Restricted Forms of Knowledge in Pre-contact Coast Salish Lithic Craft Traditions
Author(s): Adam Rorabaugh
Recently anthropologists have increasingly recognized the role that the control of knowledge has in the production and reproduction of social inequality in small scale societies. In the case of the pre-contact Coast Salish of the Pacific Northwest, ethnographic data emphasizes the role that the control of elite prerogatives had in the maintenance of their status. Drawing upon cultural transmission models, these social relationships would be reflected not only in the prestige goods often discussed by archaeologists but in a shift towards more restricted household learning in a wide range of technologies during the Marpole period (2400-1000 BP) when large winter plank house villages and hereditary forms of social inequality are argued to have emerged. High resolution analyses of formed lithic tools from previously excavated archaeological collections was conducted to examine fine scale stylistic and metric variation in assemblages in sites throughout the Salish Sea. The impacts of material quality, tool curation, and time-averaging effects were also assessed and did not appear to be factors significantly patterning this sample. Overall these data suggest that the learning of these technologies may have been restricted by gender and kin lines, and became increasingly influenced by prestige over the past 3,000 years.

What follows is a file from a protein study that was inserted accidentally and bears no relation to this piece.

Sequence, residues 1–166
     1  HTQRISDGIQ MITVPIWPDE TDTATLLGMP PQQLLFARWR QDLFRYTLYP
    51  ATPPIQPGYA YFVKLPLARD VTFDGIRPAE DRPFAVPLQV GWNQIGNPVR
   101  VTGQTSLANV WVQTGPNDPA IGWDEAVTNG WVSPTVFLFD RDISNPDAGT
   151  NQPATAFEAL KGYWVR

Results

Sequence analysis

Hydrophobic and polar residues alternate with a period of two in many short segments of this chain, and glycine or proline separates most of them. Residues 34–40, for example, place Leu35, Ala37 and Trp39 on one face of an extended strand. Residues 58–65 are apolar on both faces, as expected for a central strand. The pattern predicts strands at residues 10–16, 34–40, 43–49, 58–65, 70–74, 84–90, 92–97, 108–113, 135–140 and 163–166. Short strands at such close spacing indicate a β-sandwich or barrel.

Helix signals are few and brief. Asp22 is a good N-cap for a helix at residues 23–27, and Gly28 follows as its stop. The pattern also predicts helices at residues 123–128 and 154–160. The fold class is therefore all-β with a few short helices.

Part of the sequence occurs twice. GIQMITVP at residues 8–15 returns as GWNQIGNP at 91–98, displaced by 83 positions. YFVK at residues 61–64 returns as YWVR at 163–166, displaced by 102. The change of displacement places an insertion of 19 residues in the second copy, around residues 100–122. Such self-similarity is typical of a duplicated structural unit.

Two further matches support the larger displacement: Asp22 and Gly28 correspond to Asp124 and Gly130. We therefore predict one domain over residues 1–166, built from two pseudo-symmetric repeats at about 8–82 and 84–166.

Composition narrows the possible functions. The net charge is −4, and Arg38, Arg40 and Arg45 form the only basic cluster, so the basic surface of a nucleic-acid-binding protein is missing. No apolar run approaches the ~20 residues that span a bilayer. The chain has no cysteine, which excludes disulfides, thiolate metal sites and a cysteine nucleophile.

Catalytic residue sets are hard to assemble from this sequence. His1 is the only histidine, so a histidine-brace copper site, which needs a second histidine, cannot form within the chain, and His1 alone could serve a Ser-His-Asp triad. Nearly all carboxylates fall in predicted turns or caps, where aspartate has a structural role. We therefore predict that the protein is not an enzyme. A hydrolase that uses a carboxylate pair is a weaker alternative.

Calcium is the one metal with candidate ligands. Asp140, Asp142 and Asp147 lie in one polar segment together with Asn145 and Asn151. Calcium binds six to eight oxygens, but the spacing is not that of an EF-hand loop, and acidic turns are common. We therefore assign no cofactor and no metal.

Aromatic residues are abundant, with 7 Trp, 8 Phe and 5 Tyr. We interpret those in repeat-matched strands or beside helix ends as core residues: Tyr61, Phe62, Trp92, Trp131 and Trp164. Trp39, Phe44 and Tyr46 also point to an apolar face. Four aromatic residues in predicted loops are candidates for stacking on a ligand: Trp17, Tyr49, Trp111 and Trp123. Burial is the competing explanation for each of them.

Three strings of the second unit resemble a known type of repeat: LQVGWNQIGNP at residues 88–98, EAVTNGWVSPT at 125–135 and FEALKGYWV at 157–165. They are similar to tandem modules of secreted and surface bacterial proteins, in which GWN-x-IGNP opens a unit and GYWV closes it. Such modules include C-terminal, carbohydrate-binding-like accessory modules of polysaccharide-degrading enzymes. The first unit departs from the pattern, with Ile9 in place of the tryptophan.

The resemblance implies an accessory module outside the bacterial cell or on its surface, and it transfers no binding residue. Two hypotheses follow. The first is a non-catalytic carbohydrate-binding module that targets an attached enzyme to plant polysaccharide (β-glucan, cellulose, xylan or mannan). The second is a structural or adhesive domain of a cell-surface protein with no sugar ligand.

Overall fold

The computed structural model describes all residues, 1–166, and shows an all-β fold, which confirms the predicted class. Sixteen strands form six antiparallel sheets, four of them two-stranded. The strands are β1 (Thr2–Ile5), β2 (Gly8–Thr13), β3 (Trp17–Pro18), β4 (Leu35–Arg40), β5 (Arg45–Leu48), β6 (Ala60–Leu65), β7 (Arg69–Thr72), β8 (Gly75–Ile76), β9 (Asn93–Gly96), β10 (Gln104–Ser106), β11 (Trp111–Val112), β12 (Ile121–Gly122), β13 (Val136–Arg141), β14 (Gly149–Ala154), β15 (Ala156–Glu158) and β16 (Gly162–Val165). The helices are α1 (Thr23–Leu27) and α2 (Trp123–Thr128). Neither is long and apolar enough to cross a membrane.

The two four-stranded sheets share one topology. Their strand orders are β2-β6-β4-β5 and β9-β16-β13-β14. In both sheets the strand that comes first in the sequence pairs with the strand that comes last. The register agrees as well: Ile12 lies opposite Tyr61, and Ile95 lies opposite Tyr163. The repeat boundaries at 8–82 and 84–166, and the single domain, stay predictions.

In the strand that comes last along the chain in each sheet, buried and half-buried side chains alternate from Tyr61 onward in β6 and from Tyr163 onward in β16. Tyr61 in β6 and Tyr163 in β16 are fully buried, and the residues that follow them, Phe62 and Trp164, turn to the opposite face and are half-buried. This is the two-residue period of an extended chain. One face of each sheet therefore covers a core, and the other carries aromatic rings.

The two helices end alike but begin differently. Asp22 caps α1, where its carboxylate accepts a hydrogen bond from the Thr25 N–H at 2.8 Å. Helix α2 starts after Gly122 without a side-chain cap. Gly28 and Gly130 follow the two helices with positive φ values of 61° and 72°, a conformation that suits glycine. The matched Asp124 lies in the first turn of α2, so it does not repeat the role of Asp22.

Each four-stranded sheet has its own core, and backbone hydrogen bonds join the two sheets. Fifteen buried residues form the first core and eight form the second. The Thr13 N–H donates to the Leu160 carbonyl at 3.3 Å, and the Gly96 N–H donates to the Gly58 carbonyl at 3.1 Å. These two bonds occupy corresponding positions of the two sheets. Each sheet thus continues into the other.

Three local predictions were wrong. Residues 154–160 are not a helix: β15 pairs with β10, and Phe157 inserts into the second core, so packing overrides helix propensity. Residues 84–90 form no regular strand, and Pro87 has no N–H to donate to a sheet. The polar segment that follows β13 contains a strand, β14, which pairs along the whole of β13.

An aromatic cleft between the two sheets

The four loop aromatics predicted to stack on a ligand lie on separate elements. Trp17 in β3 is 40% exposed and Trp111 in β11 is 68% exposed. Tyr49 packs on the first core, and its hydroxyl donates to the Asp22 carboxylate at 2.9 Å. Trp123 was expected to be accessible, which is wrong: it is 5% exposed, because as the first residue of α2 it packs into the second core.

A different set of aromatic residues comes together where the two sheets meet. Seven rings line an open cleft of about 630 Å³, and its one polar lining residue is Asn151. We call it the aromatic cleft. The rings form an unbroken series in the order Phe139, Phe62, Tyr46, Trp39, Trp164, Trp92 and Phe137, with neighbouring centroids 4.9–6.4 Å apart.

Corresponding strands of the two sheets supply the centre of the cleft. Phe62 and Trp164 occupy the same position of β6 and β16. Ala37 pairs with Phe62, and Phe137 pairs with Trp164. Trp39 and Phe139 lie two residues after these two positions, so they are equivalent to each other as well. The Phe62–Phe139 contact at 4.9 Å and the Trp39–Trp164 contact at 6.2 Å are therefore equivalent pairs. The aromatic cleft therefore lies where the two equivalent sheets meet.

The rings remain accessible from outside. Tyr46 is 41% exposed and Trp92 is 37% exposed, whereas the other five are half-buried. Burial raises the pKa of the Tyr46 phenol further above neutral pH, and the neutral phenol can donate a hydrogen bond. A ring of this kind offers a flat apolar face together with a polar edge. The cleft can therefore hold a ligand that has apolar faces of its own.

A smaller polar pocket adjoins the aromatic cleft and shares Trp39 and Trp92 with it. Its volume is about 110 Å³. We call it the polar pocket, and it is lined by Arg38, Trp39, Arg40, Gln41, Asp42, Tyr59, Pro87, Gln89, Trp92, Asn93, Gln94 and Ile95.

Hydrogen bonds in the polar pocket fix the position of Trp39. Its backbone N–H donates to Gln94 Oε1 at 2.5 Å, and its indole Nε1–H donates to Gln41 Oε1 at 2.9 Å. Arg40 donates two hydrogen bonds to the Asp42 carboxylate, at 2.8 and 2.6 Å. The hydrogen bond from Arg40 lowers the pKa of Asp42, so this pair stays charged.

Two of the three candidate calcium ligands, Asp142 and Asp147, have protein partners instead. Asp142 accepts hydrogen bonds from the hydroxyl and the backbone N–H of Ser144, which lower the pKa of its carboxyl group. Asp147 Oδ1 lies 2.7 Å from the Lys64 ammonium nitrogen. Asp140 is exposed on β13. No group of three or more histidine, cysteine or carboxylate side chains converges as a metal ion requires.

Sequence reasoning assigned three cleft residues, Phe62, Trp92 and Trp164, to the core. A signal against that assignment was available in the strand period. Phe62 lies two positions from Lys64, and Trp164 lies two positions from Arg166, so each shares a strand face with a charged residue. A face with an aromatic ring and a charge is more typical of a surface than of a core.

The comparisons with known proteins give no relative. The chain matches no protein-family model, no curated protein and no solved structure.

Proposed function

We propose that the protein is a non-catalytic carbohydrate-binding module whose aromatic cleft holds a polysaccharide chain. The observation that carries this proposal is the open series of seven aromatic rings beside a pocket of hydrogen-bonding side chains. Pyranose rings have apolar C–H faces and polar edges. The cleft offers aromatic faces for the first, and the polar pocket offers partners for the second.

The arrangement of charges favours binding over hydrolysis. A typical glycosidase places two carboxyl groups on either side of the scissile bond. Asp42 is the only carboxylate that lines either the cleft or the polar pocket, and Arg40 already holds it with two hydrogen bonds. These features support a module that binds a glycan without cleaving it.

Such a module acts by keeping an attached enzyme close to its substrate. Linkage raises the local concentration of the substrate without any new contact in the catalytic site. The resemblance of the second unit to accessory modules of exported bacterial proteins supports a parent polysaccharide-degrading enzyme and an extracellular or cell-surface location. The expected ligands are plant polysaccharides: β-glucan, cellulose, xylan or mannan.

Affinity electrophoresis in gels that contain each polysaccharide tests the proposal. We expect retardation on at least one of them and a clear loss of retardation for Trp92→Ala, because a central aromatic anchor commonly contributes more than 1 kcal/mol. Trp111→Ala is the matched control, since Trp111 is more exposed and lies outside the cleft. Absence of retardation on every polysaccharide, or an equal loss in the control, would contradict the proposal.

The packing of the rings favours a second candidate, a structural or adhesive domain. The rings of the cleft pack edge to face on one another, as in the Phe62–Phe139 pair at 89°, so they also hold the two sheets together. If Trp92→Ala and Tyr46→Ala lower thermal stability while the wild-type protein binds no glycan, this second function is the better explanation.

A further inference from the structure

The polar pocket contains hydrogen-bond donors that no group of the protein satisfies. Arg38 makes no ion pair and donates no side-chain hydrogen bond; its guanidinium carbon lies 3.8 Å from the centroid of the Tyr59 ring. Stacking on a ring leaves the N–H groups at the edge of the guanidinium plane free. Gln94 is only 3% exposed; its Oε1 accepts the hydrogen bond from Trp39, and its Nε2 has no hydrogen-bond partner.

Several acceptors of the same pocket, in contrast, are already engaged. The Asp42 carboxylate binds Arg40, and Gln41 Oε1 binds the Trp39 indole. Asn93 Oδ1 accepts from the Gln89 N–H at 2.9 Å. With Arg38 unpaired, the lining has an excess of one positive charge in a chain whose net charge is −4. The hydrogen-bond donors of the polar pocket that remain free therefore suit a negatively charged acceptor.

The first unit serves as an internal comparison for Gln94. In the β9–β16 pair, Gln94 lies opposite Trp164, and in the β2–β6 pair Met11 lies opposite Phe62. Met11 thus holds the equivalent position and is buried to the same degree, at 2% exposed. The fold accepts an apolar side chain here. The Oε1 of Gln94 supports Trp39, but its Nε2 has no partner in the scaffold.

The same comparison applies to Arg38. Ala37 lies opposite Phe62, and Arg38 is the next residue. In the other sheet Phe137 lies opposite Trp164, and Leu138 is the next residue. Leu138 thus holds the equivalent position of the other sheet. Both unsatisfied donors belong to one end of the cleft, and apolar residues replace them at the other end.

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Restricted Forms of Knowledge in Pre-contact Coast Salish Lithic Craft Traditions. Adam Rorabaugh. Presented at The 80th Annual Meeting of the Society for American Archaeology, San Francisco, California. 2015 ( tDAR id: 397464)
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min long: -169.717; min lat: 42.553 ; max long: -122.607; max lat: 71.301 ;